In fear for her life, I had kept Rosa’s identity a secret until Health Department officials I trusted and police took action against the DST psychiatrists and doctors—one of the first actions reopening coroners’ inquests into DST deaths and a manslaughter charge against Dr. Bailey over the death of his patient, Miriam Podio.[6]

I remember there were allegations that Dr. Bailey shot up a residence over the suicide death of one of his patients, Sharon Hamilton, with whom he’d had a sexual affair—and electroshocked her when she became vocal about it.

Only three journalists and several NSW Health officials and police officers knew of Rosa’s identity. A Chelmsford hospital doctor twice hired private investigators trying to discover the source of CCHR’s evidence against the facility and doctors.  On the first occasion in 1983, a person posing as a reporter said he was doing a story for “News Limited,” and more, specifically, Kerry Packer. So poorly executed was this sleuth effort that he’d not worked out that Mr. Packer owned a completely different news corporation. The second time, in 1986, the PI, posing as a freelance reporter and former Army intelligence officer, was allegedly paid AUS$5000. Health and police officials helped CCHR find his true identity, after he threatened that a “contract” had been put out on my life. [7]  That “contract” was never verified and most likely, an effort for CCHR to stop its fight for justice for the Chelmsford survivors.

The veil of professional repute that protected Bailey and others unraveled due to Rosa, who documented treatment irregularities.[8]

Rosa’s courage found evidence and prompted investigations, including into:

  • “Staff said Bailey had sex with his female patients, often ordering them sent by taxi to his office or home late at night. Commissioner Justice John Slattery said in his 12-volume [government] report there were ‘strong suspicions’ that Bailey was involved in the suicide of his patient and lover, singer Sharon Hamilton. Bailey was the sole beneficiary of Hamilton’s will.”[9]
  • From “Australian deep sleep report awakens anger.”BMJ Vol 302, Jan 1991, “Some [of the ‘patients’] underwent psychosurgery, of which Bailey was a leading proponent. He believed that one indication for cerebral surgery was homosexuality.”  Justice Slattery reported that “Dr Bailey had falsified death certificates and had lied to coronial inquests going back as far as 1967.”[10]

Some 152 former DST patients were awarded payouts totaling $5.5 million by the NSW Victims [of Crime] Compensation Tribunal.

As one article on the Chelmsford scandal summarized, “Its outcome was rightly not just condemnation of Bailey—but rather, an investigation into how mental health services should be regulated so as to prevent such individuals from so perniciously undermining the practitioner’s Hippocratic promise to ‘do no harm.’”[11]

Rosa Nicholson first championed the need for deep sleep treatment to be banned, working with CCHR. But it was not a single effort.  Other credit must go to the staunch and persistent actions of former Chelmsford patient, the late Barry Hart and other DST survivors comprising the Chelmsford Victims Action Group (CVAG), NSW Members of Parliament, John Hatton and the late Pat Rogan (and his personal assistant, Margaret Como), lawyers with the Public Interest Advocacy Center (PIAC) and, journalists Toni Eatts, Ross Jenkins, Robert Haupt and John O’Neil, and Janet Fife Yeomans to name but a few, who saw the truth and didn’t back off from making it known.

The late Justice John Slattery, who headed the Royal Commission into DST addressed Rosa’s actions, vindicating her:

  • “I carefully observed Miss Nicholson in the witness box and I formed a favorable impression of her. She was cross examined with some vigor about the deceit she used to obtain her job at the hospital and the fact that she had taken records.” Rosa told the court, “I am not happy about having to be in that situation. I would have been much happier if something had been done about Chelmsford so I didn’t feel the need to do something to protect the patients and future people who needed help.”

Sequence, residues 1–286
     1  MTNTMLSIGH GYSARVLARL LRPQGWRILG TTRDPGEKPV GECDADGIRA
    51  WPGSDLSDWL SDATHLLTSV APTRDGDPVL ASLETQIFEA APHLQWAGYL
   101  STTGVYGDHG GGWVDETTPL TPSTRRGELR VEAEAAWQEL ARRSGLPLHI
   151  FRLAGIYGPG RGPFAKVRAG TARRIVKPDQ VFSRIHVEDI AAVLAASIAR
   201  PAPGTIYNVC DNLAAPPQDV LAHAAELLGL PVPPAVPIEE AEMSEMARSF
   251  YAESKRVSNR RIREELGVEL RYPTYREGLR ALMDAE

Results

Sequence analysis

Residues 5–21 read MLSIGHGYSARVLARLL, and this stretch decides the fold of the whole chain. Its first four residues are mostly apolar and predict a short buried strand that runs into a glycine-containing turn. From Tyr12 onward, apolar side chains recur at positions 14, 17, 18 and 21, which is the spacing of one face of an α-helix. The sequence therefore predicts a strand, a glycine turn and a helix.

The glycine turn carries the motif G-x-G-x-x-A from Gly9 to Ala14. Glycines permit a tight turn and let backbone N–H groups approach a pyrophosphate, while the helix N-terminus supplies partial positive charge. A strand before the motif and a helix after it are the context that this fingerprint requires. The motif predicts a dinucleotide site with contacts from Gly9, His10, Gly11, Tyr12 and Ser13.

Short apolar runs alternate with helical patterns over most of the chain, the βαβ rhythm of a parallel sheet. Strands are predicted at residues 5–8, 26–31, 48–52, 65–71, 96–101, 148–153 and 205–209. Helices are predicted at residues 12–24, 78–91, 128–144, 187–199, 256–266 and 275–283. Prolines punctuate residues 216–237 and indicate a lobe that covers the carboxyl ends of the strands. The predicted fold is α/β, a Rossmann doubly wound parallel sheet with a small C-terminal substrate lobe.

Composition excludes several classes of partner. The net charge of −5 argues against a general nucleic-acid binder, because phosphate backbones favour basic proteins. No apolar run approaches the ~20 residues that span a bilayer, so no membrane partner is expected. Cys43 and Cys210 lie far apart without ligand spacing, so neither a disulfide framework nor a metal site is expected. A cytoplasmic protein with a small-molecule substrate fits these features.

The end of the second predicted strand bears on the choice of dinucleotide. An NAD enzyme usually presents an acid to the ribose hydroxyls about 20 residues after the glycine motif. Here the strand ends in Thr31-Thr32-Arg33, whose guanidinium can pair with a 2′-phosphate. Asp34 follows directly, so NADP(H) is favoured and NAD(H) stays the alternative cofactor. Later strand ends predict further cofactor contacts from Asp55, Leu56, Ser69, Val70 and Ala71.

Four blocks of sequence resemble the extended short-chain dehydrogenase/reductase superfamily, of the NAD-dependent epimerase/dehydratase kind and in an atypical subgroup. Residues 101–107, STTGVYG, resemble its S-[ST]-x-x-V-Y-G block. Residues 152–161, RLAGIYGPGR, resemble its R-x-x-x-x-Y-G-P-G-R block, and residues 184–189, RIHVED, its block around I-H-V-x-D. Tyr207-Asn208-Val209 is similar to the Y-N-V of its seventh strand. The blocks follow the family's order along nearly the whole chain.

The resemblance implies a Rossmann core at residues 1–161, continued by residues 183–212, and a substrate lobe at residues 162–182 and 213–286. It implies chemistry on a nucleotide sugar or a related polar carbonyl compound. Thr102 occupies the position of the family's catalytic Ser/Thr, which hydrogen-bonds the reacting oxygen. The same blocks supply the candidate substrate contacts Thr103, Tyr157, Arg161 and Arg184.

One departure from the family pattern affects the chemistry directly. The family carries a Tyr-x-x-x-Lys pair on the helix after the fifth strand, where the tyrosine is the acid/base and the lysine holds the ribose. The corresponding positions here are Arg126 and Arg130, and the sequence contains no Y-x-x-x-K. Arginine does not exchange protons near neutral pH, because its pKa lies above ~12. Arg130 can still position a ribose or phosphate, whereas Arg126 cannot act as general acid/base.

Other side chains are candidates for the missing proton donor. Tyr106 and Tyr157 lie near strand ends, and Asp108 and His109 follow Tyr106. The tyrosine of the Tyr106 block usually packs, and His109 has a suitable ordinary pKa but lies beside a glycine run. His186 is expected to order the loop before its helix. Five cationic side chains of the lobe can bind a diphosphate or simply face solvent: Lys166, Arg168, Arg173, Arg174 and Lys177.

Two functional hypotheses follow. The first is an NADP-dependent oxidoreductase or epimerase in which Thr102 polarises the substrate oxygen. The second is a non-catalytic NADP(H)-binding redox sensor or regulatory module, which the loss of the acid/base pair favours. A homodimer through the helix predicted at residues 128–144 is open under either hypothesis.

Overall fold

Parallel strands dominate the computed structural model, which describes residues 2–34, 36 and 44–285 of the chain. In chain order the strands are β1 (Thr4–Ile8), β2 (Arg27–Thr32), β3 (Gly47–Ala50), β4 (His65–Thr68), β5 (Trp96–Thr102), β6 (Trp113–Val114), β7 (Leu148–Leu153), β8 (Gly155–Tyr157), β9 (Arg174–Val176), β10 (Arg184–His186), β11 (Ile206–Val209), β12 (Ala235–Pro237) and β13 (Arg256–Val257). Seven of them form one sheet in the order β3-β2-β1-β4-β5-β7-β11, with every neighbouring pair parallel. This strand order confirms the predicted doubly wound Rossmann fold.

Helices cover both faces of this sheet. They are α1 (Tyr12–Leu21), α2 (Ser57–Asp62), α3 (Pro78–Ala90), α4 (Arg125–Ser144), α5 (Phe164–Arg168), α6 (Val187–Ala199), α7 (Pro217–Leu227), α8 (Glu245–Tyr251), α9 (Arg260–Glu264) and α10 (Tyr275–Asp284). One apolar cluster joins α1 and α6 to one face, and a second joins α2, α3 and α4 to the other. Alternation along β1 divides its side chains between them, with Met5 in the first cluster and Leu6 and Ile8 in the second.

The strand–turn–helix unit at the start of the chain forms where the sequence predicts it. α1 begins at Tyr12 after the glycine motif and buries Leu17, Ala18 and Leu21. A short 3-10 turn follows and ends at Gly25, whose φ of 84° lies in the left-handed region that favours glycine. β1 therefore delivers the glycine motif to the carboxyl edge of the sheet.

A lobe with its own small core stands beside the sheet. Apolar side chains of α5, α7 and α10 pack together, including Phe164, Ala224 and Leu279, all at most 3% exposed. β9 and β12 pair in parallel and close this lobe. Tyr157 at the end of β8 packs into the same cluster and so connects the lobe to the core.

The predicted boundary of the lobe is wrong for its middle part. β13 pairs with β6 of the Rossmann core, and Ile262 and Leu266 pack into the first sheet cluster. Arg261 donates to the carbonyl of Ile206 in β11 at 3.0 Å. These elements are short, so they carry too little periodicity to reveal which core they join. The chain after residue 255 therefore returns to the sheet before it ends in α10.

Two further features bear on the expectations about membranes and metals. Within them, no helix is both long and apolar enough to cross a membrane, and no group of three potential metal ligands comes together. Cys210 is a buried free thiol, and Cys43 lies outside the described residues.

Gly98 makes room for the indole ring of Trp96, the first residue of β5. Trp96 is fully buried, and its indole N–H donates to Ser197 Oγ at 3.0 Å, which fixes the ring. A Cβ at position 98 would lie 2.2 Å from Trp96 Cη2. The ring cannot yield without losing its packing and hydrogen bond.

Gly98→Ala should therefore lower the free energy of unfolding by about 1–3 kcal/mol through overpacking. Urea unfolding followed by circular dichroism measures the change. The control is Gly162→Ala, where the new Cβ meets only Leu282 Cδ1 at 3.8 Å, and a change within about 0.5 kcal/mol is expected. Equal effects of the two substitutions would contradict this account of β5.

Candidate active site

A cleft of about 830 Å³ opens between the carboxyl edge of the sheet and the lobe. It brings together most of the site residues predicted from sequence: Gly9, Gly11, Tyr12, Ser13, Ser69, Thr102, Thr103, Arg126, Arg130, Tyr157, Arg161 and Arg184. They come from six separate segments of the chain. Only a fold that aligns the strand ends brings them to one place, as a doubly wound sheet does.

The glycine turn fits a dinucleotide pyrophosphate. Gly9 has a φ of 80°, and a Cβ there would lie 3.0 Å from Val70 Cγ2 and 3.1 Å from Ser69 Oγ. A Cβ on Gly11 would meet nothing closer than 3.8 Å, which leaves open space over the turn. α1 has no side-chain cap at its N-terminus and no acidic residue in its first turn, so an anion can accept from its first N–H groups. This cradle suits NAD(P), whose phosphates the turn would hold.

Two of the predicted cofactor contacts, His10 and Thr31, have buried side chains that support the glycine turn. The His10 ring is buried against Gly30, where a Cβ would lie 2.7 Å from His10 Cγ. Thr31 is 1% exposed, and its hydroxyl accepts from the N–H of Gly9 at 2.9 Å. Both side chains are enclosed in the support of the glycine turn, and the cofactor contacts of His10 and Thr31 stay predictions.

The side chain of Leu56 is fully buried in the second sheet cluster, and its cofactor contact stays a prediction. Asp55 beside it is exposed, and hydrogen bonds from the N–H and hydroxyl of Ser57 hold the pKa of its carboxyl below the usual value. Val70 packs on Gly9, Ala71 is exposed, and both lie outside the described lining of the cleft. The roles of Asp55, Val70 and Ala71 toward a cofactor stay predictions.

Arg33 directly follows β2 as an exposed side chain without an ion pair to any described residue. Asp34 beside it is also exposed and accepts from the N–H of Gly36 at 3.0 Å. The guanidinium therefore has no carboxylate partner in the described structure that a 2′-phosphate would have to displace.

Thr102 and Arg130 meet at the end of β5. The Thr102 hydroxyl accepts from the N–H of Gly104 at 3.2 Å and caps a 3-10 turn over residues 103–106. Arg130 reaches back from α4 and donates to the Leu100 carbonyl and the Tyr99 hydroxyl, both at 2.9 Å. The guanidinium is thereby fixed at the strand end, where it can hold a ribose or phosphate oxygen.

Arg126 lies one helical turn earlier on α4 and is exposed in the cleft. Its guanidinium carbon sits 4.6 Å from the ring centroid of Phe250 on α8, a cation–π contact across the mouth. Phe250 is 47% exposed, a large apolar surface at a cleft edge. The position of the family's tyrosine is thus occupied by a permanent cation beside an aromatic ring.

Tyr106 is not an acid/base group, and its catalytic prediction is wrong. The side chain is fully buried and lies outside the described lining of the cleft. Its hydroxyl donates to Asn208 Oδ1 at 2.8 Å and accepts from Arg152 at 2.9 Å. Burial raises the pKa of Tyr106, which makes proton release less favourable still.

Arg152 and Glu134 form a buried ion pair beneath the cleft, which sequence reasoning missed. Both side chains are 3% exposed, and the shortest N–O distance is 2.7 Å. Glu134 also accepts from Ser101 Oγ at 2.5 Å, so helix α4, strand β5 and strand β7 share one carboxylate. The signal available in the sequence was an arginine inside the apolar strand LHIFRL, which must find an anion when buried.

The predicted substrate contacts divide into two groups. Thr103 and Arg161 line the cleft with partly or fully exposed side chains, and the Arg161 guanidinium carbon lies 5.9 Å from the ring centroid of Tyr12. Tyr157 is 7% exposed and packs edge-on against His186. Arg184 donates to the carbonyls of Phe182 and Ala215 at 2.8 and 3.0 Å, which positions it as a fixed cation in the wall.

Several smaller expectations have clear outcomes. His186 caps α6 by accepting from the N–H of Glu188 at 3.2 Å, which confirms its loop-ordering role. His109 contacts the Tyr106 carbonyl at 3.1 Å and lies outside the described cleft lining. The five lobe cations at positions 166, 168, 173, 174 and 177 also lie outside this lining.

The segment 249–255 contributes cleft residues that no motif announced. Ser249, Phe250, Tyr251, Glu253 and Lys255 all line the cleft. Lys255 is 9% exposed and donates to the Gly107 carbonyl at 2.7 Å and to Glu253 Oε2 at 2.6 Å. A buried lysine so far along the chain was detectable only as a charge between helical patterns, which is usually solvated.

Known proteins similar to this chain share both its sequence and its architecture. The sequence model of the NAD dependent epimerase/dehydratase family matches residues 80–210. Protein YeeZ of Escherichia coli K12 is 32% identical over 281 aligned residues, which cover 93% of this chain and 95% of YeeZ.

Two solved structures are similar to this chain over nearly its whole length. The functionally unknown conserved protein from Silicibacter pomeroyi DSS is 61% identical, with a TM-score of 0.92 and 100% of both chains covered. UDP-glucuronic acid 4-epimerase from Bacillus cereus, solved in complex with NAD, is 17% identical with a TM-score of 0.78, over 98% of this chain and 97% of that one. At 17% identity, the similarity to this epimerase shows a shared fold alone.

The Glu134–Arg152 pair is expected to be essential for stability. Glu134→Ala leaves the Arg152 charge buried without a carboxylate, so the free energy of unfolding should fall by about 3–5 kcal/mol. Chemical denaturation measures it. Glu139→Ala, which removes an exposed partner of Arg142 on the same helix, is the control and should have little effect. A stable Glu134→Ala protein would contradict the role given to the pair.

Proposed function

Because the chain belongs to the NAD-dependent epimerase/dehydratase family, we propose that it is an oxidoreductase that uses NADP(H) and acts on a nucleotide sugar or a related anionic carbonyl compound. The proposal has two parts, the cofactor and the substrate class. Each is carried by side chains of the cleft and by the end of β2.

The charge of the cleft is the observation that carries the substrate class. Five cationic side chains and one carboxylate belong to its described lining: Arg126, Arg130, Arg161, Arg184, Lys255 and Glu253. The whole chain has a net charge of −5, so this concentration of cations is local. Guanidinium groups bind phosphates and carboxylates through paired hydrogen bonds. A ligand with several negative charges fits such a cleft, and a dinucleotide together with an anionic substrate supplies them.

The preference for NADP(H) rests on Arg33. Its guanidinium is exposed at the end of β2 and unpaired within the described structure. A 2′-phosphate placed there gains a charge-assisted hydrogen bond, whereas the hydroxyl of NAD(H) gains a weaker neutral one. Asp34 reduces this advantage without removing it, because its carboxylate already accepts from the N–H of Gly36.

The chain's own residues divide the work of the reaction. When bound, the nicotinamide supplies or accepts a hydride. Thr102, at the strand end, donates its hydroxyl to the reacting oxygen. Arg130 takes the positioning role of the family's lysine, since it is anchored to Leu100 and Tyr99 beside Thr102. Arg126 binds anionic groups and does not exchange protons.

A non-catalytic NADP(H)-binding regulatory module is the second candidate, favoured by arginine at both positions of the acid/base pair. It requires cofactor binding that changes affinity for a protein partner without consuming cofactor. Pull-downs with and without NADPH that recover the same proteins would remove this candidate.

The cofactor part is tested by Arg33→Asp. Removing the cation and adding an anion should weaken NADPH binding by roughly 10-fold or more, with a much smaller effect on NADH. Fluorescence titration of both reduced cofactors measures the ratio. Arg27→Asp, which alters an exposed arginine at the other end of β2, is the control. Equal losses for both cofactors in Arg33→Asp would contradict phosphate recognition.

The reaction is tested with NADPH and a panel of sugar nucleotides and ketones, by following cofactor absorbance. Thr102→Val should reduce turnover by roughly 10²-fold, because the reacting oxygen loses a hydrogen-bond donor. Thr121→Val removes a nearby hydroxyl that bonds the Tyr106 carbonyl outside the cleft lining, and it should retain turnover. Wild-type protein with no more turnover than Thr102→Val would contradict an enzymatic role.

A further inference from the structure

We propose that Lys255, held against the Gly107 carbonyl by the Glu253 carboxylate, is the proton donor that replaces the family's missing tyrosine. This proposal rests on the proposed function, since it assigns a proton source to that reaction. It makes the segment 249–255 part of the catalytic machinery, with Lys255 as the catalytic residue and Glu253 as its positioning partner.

The courage of Rosa and other members of CCHR in bringing an end to the horrors of DST were acknowledged in a November 25, 2020 decision by Australian Federal Judge Jayne Jagot. Two of the doctors exposed by the Royal Commission had attempted to re-write history and undermine the Royal Commission by suing a reporter who had written about the Commission’s findings against them.  The court would have none of it. Following 13 weeks of testimony and after hearing from more than two dozen nurses, survivors and doctors with firsthand knowledge of the dangers of DST, the court dismissed the doctors’ claims, reaffirming the findings of the Royal Commission that:

[t]he reality is that the expert evidence called by the respondents and the otherwise admissible evidence from experts who were involved in the Royal Commission leaves room for only one credible version of events – that at the time it was administered it should have been obvious to those doctors with knowledge of its details (including the applicants) that DST was a dangerous experimental treatment for which there was no medical indication for any patient subjected to it at Chelmsford.[12]

Chelmsford is today synonymous with madness, barbarism and horror; of psychiatry run amok, of bizarre experiments that, one magazine claimed, “rival those performed by Dr. Josef Mengele in Nazi Germany.” Former NSW Health Minister, Peter Collins, called it “the darkest episode of the history of psychiatry in this country.”

Rosa was key among those fighting for justice for patients damaged by DST. The Chelmsford scandal continues to serve as a warning against damaging psychiatric practices still being used today. In the case of one of these, electroshock treatment, I am sure Rosa would have agreed that this barbarity should be banned.


[1] Philip Hickey, Ph.D.  “Deep Sleep “Therapy” in Australia in the 1960s & ’70s: Could Something Like This Happen Today?,” 27 Aug. 2020,

[2] “Sydney’s shameful asylums: The silent houses of pain where inmates were chained and sadists reigned,” Daily Telegraph, 3 Mar. 2015,


[4] Philip Hickey, Ph.D.  “Deep Sleep “Therapy” in Australia in the 1960s & ’70s: Could Something Like This Happen Today?,” 27 Aug. 2020,



[7] “Security Firm’s intriguing work for high fliers,” The Sun Herald, 13 Nov. 1988; Intellisec Confidential Report, “Chelmsford Private Hospital,” 14 Apr. 1986, admitted to the NSW Royal Commission inquiry into Deep Sleep Treatment.


[9] Philip Hickey, Ph.D.  “Deep Sleep “Therapy” in Australia in the 1960s & ’70s: Could Something Like This Happen Today?,” 27 Aug. 2020,

[10] Philip Hickey, Ph.D.  “Deep Sleep “Therapy” in Australia in the 1960s & ’70s: Could Something Like This Happen Today?,” 27 Aug. 2020,


[12] Herron v HarperCollins Publishers Australia Pty Ltd (No 3) [2020] FCA 1687, Judgment of Jagot, J., November 25, 2020.